Meet important, interesting people throughout history in the pages of books about black pioneers, photographers, artists, musicians, magicians, inventors, innovators and more influential figures.

  • Bad News for Outlaws: the Remarkable Life of Bass Reeves, Deputy U.S. Marshal

    Sitting tall in the saddle, with a wide-brimmed black hat and twin Colt pistols on his belt, Bass Reeves seemed bigger than life. As a U.S. Marshal - and former slave who escaped to freedom in the Indian Territories - Bass was cunning and fearless.

  • Little Melba and her Big Tromobe

    Overcoming obstacles of race and gender, Melba became a famed trombone player and arranger, spinning rhythms, harmonies, and melodies into gorgeous songs for all the jazz greats of the twentieth century.

  • A Spy Called James: The True Story of James Lafayette, Revolutionary War Double Agent

    The true story of James Lafayette, a slave who spied for George Washington's army during the American Revolution. But while America celebrated its newfound freedom, James returned to slavery. For James the fight wasn't over; he'd already helped his country gain its freedom, now it was time to win his own.

  • The Youngest Marcher: The Story of Audrey Faye Hendricks, a Young Civil Rights Activist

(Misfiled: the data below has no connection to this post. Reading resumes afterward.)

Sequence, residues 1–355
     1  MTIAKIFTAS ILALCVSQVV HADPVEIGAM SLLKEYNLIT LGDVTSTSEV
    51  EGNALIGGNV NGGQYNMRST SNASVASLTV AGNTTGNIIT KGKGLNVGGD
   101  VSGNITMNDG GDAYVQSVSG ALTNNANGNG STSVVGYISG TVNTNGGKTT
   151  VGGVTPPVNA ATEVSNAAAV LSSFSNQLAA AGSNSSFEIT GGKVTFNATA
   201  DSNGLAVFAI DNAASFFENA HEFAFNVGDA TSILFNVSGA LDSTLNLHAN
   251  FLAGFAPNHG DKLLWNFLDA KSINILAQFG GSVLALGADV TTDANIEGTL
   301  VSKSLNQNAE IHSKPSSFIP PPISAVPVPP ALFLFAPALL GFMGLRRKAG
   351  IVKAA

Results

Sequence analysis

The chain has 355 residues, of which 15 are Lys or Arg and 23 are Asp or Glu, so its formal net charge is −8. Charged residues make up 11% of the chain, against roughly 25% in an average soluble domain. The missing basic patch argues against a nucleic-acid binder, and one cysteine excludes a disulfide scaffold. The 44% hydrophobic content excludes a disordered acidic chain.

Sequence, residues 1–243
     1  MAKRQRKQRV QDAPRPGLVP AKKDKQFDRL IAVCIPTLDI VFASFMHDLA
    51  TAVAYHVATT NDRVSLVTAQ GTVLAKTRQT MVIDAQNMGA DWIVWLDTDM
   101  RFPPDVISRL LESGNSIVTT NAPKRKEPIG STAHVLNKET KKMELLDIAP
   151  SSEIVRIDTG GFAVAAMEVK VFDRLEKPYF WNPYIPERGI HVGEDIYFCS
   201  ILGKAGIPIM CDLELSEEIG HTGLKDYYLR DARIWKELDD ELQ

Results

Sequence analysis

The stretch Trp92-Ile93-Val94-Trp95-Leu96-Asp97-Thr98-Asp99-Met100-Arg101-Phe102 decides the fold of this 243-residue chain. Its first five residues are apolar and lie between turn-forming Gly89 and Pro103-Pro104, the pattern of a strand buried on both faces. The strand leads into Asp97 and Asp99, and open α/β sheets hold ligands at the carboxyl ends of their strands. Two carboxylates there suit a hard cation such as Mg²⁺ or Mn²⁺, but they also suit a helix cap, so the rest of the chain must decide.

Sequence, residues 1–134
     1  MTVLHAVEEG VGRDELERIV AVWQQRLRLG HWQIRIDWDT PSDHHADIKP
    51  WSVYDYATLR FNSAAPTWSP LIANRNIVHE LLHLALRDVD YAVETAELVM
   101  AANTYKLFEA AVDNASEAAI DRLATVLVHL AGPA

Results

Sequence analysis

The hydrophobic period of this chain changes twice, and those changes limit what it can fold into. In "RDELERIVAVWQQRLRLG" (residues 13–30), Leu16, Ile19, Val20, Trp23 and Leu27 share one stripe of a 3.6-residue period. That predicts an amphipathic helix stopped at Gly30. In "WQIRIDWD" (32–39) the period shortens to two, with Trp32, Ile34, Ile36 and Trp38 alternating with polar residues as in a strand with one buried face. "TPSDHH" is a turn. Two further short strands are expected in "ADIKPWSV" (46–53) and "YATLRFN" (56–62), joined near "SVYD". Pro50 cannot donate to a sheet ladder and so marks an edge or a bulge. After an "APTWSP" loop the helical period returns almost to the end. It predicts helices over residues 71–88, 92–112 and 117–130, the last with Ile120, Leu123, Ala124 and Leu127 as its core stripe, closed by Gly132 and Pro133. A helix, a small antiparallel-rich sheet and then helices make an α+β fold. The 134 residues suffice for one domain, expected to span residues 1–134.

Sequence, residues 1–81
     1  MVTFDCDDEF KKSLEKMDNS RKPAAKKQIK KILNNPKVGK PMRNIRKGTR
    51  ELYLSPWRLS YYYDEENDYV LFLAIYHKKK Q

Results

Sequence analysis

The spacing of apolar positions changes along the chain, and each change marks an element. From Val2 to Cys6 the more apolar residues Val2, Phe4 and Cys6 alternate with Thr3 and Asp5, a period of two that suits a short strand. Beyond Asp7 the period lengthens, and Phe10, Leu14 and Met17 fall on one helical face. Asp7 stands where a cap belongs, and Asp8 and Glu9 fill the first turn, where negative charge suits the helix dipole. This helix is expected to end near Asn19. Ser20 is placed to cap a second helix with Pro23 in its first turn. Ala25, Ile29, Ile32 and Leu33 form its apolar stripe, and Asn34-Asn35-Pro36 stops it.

Meet the youngest known child to be arrested for a civil rights protest in Birmingham, Alabama, 1963, in this moving picture book that proves you’re never too little to make a difference.

  • When the Beat was Born: DJ Kool Herc and the Creation of Hip Hop

    Before there was hip hop, there was DJ Kool Herc. From his childhood in Jamaica to his youth in the Bronx, Laban Carrick Hill's book tells how Kool Herc came to be a DJ, how kids in gangs stopped fighting in order to breakdance, and how the music he invented went on to define a culture and transform the world.

  • Emmanuel's Dream: The True Story of Emmanuel Ofosu Yeboah

    Born in Ghana, West Africa, with one deformed leg, he was dismissed by most people--but not by his mother, who taught him to reach for his dreams. As a boy, Emmanuel hopped to school more than two miles each way, learned to play soccer, left home at age thirteen to provide for his family, and, eventually, became a cyclist.

  • Trombone Shorty

    Hailing from the Tremâe neighborhood in New Orleans, Troy "Trombone Shorty" Andrews got his nickname by wielding a trombone twice as long as he was high. A prodigy, he was leading his own band by age six. This Grammy-nominated artist headlines the legendary New Orleans Jazz Fest.

  • Philip Reid Saves the Statue of Freedom